Thursday August 24, 2017 09:52
 
 
 

Syria Receiving up to $5 Million in Expatriate Remittances Daily

May 17th, 2017 by Al-Watan (pro-government newspaper)

Syrian government is using the influx of foreign transfers to justify delaying support for citizens' purchasing power, economics expert tells loyalist newspaper

Syria Receiving up to $5 Million in Expatriate Remittances Daily

The influx of currency transfers to Syria from expatriates abroad is ignored in the analyses and predictions of local economists, especially regarding the financial situation of Syrians.

In light of the lack of a clear official statement about the total or average daily value of the transfers, media outlets have circulated several numbers from government sources or from sources in the exchange market. According to these reports, the value of daily transfers is between $3 million to $4 million, while some speak of $5 million or more. The Syrian Central Bank justifies the non-disclosure of the real number with its keenness not to reveal any real numbers regarding foreign exchange which speculators could exploit. The governor of the Syrian Central Bank, Douraid Dergham, focused during his comments to Al-Watan on the fact that the transfers are good, without giving any precise figures. We agree with him in principle, especially given that the real value of the transfers is hard to estimate given the activity of unofficial exchanges, through unlicensed offices or individuals, or brought in with travelers.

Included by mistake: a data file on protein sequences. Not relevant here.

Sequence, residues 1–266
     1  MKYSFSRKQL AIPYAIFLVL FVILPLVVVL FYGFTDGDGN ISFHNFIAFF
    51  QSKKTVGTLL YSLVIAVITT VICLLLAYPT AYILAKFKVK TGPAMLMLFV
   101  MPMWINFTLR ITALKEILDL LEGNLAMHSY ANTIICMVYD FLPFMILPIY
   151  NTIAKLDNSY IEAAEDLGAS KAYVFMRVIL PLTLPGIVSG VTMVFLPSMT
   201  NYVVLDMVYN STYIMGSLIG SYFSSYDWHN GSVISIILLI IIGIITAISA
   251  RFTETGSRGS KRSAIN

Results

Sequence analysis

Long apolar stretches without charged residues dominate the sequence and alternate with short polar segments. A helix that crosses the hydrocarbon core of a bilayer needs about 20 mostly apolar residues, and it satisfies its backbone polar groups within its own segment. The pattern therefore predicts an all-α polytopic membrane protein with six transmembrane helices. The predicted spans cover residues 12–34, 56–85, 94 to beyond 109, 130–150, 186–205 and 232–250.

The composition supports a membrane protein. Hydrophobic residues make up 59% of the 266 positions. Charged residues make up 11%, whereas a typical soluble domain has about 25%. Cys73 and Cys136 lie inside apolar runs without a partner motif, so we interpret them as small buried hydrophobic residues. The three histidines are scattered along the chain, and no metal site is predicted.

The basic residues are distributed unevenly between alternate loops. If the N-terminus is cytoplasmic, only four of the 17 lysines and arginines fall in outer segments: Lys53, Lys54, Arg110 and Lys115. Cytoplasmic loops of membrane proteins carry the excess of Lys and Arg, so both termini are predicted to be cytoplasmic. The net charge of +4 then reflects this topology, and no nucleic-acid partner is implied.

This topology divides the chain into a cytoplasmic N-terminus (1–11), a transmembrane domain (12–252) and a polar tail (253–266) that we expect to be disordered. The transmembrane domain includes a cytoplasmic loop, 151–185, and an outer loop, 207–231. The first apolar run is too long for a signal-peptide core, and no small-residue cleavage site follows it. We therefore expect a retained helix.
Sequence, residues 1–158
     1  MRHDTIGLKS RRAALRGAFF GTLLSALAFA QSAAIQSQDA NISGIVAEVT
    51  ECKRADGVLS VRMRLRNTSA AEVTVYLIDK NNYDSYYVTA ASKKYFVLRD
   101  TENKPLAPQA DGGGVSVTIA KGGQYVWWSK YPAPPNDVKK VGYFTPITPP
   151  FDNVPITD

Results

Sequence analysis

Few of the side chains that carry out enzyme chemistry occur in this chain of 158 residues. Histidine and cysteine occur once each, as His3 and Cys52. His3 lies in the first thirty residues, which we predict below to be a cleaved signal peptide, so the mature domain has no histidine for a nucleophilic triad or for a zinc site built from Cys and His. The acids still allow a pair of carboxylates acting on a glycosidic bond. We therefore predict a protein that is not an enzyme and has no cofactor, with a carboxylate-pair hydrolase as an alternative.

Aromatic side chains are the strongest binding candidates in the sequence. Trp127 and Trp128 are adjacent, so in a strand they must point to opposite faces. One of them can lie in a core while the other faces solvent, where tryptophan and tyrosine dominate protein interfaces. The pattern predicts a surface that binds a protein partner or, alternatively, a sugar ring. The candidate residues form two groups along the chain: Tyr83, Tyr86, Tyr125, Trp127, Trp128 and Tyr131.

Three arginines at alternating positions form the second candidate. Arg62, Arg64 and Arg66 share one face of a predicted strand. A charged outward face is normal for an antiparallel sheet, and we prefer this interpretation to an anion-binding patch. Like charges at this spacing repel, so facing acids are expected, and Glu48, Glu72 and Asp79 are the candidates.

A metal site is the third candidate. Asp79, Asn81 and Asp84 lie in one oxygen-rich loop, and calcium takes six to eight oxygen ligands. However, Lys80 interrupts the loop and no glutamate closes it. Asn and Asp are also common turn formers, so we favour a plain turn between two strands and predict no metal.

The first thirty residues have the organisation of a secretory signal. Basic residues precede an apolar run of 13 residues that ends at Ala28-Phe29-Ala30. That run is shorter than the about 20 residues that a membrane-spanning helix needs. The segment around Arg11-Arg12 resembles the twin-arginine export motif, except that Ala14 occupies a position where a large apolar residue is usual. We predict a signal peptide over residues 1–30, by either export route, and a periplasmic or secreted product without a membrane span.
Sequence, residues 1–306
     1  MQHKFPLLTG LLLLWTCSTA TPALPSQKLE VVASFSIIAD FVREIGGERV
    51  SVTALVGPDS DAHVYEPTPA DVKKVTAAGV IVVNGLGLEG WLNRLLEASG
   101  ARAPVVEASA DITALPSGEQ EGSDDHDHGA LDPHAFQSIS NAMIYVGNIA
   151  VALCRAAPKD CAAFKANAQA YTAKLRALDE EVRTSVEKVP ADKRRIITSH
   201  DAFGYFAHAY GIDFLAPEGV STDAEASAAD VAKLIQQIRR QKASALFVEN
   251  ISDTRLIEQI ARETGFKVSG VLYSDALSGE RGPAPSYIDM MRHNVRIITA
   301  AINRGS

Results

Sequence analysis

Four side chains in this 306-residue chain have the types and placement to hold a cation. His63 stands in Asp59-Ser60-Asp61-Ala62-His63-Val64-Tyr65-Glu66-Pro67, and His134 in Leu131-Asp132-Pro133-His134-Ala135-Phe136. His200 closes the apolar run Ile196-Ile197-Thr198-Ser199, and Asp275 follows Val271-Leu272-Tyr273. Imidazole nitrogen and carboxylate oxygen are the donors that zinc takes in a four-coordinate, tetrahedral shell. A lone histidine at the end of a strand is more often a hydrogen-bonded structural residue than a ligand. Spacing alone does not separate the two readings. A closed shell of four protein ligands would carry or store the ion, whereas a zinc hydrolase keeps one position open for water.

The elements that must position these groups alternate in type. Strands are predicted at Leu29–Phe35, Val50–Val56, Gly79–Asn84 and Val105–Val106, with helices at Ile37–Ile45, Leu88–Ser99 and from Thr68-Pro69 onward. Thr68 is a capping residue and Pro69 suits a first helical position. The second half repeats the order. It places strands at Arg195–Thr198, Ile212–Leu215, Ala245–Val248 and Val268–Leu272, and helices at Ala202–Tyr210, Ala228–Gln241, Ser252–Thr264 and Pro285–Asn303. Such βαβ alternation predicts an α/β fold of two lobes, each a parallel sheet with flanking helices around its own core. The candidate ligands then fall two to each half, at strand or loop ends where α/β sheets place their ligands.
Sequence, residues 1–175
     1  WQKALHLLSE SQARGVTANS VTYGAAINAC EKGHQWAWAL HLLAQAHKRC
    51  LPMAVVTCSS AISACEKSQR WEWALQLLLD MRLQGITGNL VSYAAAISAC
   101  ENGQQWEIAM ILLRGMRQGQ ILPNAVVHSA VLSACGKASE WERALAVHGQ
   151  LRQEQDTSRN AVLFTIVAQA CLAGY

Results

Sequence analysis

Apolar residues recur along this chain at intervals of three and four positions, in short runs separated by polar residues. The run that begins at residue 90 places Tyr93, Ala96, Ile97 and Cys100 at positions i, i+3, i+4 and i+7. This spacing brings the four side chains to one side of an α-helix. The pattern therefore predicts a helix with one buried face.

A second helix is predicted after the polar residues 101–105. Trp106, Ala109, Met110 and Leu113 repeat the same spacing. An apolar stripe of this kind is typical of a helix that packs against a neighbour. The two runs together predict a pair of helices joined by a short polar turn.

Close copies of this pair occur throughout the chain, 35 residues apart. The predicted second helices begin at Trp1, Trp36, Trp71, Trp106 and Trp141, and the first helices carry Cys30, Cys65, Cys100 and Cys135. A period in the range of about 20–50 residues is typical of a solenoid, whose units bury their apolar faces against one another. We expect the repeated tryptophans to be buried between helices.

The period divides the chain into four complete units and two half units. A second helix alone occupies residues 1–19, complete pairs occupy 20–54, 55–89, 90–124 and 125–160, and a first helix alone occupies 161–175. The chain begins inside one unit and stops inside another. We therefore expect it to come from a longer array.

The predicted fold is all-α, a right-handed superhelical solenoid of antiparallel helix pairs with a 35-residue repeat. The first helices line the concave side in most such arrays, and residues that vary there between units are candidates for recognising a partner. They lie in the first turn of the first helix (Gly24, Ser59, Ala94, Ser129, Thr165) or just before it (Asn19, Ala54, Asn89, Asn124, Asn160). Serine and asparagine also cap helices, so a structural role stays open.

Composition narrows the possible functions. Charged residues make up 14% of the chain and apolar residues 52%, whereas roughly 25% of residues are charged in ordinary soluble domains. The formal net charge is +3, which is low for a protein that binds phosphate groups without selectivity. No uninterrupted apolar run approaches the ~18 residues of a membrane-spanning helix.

However, to further highlight the importance of transfers from expatriates to the economy, we have used the latest World Bank data, which estimated them last year (2016) at more than $1.62 billion — that is, an average of $4.5 million daily.

Compared with the numbers from the general state budget for 2016 (reaching 1.98 trillion Syrian pounds, including 973.25 billion Syrian pounds for social support), we find that transfers comprised more than 83 percent of the total value of social support (relying on an exchange rate of 500 Syrian pounds to the dollar, on average). Therefore, what citizens receive from transfers in official channels is more than 83 percent of what the state allocated to spend in all areas of social support to be offered to citizens. The real number is, of course, larger than this, due to the difficulty of estimating the number of transfers through official and unofficial methods.

In a statement to Al-Watan, a professor in the statistics department in the economics faculty at Damascus University, Dr. Shafik Arbash, also the former director of the Central Bureau of Statistics, said that there was no statistical correlation between the numbers of foreign transfers and the total amount of social support in the budget, while it is possible to compare them as a measure of size only. He noted that the real number of transfers was higher than the real amount of state support, because what was implemented was less than what was announced in the budget. He added that the government had used the remittance influx as a justification to delay supporting the purchasing power of citizens, noting that the number of transfers does not comprise a real increase in income compared with the number of families in the country today. He said that the government had not handled the decrease in citizens’ purchasing power as it should and that the citizen was the one supporting the government.

This article was translated and edited by The Syrian Observer. Responsibility for the information and views set out in this article lies entirely with the author.

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